By Alan Eyerly
8:00 AM EDT, June 10, 2013
In contrast to the gut-wrenching carnage of last week’s “Game of Thrones” –- in which Robb Stark (Richard Madden), his bride Talisa (Oona Chaplin), mother Catelyn (Michelle Fairley) and loyal banner men were slaughtered –- the season finale ends in joyful triumph. For Daenerys Targaryen (Emilia Clarke), that is.
“Mhysa,” the 30th episode of the HBO hit series, refers to the word “mother” in the language of Yunkai’s slave population. Make that former slaves, because Daenerys liberated them without a wisp of dragon smoke.
“Mhysa, Mhysa, Mhysa,” her newfound subjects exclaim in adoration as they lift Daenerys high on their shoulders. With her power growing by the day and those three young dragons becoming ever deadlier, can anyone stop her from seizing the Iron Throne?
Meanwhile, the throne’s current occupant, vile teen King Joffrey (Jack Gleeson), is absolutely giddy upon learning of Robb’s demise at the infamous “Red Wedding” hosted by treacherous Lord Walder Frey (David Bradley).
Joffrey is so giddy, in fact, that he’s already planning the dinner menu for his own nuptials. He wants to serve Robb’s severed head to poor Sansa Stark (Sophie Turner). Sansa’s new husband Tyrion Lannister (Peter Dinklage) forcefully objects, risking Joffrey’s wrath.
Taking an even stronger stance against Joffrey’s cruelty is Lannister patriarch Tywin Lannister (Charles Dance), who orchestrated the Red Wedding slaughter. An angry Tywin essentially orders his brat of a grandson to bed without supper. It’s good to be the hand of the king.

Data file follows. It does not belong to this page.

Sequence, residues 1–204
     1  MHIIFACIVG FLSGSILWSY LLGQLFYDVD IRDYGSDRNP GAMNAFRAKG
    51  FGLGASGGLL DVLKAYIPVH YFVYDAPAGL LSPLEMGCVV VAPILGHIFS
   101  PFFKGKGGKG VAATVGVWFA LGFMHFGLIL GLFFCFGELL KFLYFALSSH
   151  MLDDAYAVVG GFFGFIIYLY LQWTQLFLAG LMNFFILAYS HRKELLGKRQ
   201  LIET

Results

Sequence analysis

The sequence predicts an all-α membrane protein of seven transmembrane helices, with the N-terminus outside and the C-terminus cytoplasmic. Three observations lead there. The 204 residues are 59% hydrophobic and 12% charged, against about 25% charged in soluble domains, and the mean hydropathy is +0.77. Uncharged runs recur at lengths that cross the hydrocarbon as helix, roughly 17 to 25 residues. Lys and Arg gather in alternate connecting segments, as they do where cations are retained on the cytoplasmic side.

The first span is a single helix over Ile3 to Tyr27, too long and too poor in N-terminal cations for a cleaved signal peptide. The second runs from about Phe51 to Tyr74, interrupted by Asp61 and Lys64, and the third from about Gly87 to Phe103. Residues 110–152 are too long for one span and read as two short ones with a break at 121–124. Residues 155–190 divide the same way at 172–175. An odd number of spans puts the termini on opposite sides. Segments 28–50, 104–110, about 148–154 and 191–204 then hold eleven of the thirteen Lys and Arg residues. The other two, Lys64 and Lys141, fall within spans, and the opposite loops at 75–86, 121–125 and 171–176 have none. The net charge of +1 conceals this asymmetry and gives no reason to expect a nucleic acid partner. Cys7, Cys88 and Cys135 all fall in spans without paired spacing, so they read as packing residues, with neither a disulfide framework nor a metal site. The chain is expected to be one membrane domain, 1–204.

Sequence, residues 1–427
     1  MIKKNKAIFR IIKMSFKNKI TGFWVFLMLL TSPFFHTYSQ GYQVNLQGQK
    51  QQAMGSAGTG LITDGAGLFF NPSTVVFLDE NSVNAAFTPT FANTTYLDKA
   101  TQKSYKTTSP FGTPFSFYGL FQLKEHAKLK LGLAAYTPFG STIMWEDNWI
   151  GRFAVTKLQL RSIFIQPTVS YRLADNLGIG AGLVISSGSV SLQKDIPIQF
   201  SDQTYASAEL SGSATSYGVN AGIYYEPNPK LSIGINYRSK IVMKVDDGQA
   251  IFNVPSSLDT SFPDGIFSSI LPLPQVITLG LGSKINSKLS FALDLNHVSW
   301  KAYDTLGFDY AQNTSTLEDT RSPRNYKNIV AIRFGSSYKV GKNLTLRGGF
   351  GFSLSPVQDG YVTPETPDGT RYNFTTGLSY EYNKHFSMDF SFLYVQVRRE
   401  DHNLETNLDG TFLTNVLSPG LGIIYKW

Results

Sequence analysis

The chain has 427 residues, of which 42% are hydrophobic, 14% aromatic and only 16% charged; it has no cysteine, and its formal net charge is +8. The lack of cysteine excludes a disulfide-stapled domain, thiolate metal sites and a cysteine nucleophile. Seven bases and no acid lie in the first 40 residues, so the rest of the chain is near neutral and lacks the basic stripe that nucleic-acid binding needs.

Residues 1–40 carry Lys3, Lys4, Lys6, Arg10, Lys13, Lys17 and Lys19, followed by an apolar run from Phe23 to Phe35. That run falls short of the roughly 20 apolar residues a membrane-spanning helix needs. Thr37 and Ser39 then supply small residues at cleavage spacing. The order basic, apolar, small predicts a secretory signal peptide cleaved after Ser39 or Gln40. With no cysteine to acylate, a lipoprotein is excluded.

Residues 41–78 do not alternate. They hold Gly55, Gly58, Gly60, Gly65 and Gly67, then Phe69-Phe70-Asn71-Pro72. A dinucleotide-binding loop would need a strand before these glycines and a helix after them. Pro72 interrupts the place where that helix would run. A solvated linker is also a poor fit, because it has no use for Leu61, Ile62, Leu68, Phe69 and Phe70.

As for newly orphaned Arya Stark (Maisie Williams), she’s on the road with her escort/bodyguard Sandor “The Hound” Clegane (Rory McCann). When they come across Lord Frey’s troops laughing about the Stark slayings, Arya gets revenge. She scores her first kill with a dagger and the Hound finishes off the rest. Small-but-mighty Arya is coming into her own.
Far to the north is Arya’s crippled brother Bran (Isaac Hempstead Wright), who’s on a seemingly impossible mission to cross The Wall and stop the lethal White Walkers from overrunning the Seven Kingdoms.
Heading in exactly the opposite direction is Night’s Watch steward Samwell Tarley (John Bradley-West) and young Wildling mom Gilly (Hannah Murray), who know firsthand the threat posed by White Walkers. Sam also knows how to kill the creepy creatures –- with obsidian “dragonglass” weapons –- and he shares this invaluable knowledge with Bran.
Speaking of Sam, he’s reunited with his wayward Night’s Watch brother Jon Snow (Kit Harington), who now bears the scars of an ill-fated romance with Wildling warrioress Ygritte (Rose Leslie).
“I know I love you. I know you love me,” Jon tells Ygritte before hopping on a horse and riding for home. But tender words don’t assuage his jilted lover, who fires three arrows into Jon before bursting into tears. Looks like Jon will recover –- if he stays away from those Wildling girls!
Finally, Davos Seaworth (Liam Cunningham) takes pity on captive Gendry (Joe Dempsie), whose royal blood makes him a candidate for human sacrifice at the hands of Red Priestess Melisandre (Carice van Houten). It’s all part of her scheme to install Stannis Baratheon (Stephen Dillane) on the Iron Throne.
After Gendry is set free, a furious Stannis orders Davos’ execution. “You’re going to need me,” Davos protests, because those ominous White Walkers are “coming for all of us.”
Stannis is unmoved, however, until Melisandre unexpectedly intervenes to spare Davos. She’s a surprising ally at the end of another surprising season of “Game of Thrones.”
So how long do we have to wait for Season 4? Too long. Way too long.
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